4,000,000 Telephones ‘4,000,000 Telephones’ (Bunker, 1985)

“You have to play this album,” says Vincent, a fellow record dealer in Lincoln where my secondhand vinyl store lives. It’s 2005, and we have just bought all the stock from another shop called Ed’s Music (the owner was called Eric – no me neither!). In that pile was an album by a local post-punk band called 4,000,000 Telephones that I had put off listening to for months.

Vince was not wrong. The needle drops and an enthralling mish-mash of sound unfolds. ‘4,000,000 Telephones’ remains, to me, one of the most intriguing debut albums of the 80s.

On its original release in 1985, on their own Enterprise Allowance-funded Bunker Records, the Lincoln-based six-piece were pegged as “most likely to” by Sounds, they toured Germany, released one more record with just one original member and disappeared into obscurity.

‘4,000,000 Telephones’ is like connecting to countless musical conversations, all in different styles, happening at once. Built on an underlying punk-funk style, it journeys through myriad genres infiltrated by electronic treatments and samples provided by the wonderfully named Jack Rabelais.

Sure, fans of PiL, 23 Skidoo and The Fall will find much to love, but so will fans of krautrock, electronic experimentalism, and 80s pop such as Spandau Ballet – it’s an indefinable maelstrom of a record.
Opening with a stark, ambient instrumental before exploding into the treated bass and big beats of ‘Big House’, a scratchy punk record infiltrated by electronics that sound like marching soldiers and a synth/violin breakdown that echoes Don Henley’s ‘The Boys Of Summer’. It’s a mad start.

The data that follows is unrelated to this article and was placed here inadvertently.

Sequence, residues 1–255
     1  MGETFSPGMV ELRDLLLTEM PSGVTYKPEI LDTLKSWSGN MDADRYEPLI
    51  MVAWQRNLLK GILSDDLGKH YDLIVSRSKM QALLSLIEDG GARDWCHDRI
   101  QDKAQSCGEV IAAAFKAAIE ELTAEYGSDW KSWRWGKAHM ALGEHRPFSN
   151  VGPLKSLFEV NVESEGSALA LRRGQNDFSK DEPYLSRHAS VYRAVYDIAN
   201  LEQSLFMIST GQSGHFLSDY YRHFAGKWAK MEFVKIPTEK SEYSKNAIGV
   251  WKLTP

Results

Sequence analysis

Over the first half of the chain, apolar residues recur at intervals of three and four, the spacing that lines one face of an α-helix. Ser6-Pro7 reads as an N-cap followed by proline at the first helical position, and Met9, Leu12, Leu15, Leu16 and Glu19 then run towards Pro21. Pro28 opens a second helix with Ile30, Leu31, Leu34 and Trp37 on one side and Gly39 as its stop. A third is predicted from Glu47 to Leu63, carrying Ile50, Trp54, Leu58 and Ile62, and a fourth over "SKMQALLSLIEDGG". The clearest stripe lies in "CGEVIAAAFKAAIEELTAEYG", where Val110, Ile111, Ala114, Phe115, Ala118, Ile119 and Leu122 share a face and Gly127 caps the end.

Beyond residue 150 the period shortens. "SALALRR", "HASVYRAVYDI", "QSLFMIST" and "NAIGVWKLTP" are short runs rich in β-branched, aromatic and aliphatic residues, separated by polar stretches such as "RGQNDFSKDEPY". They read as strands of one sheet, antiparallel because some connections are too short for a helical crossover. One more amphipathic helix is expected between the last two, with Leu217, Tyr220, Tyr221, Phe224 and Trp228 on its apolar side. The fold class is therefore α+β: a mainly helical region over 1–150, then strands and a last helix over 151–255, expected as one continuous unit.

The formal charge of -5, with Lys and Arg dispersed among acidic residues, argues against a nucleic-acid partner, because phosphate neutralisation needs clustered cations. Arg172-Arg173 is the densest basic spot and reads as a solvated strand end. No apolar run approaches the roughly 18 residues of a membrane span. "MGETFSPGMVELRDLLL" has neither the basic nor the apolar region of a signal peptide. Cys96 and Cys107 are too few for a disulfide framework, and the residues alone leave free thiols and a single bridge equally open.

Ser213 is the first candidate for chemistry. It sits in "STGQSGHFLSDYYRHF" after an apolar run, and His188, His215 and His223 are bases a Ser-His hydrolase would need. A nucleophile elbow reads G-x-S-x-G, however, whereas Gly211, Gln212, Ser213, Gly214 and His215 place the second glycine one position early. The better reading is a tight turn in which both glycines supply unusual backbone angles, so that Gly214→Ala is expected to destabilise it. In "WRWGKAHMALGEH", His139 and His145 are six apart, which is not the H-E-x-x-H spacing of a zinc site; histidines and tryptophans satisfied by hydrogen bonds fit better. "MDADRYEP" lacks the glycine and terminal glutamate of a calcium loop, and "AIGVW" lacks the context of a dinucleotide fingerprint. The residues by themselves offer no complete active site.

Paranoid, frantic, half-sung, half-spoken, sometimes yelped vocals drive the whole thing along from this point on. ‘Cereal Commercial’ is a slower affair built on simple beats and a slowed down funk riff that is permeated by spoken word samples and manipulated voice.

‘Stop’ starts with the kind of anthem guitar that U2 would have been peddling at the time, before mutating into a rogue Pop Group cut. ‘Safe’ is a harmonica-driven dancefloor banger collapsing in on itself through panted vocals.

‘Do That’ samples phone sex lines over lounge jazz that gives way to funky bass lines and scratched guitar. An 80s movie sex scene interrupted by Liquid Liquid! ‘Horses’ is slowed down electropop with guitar and rhythms that mimic galloping before a country guitar break down heads of into the strangest sunset ever.
There’s so much to uncover with each listen. Vince forcing me to connect with this album has given me a winning card in Obscure Album Top Trumps ever since. Reissued in 2006 and available online, you can dial into this lost post-punk masterpiece with ease.

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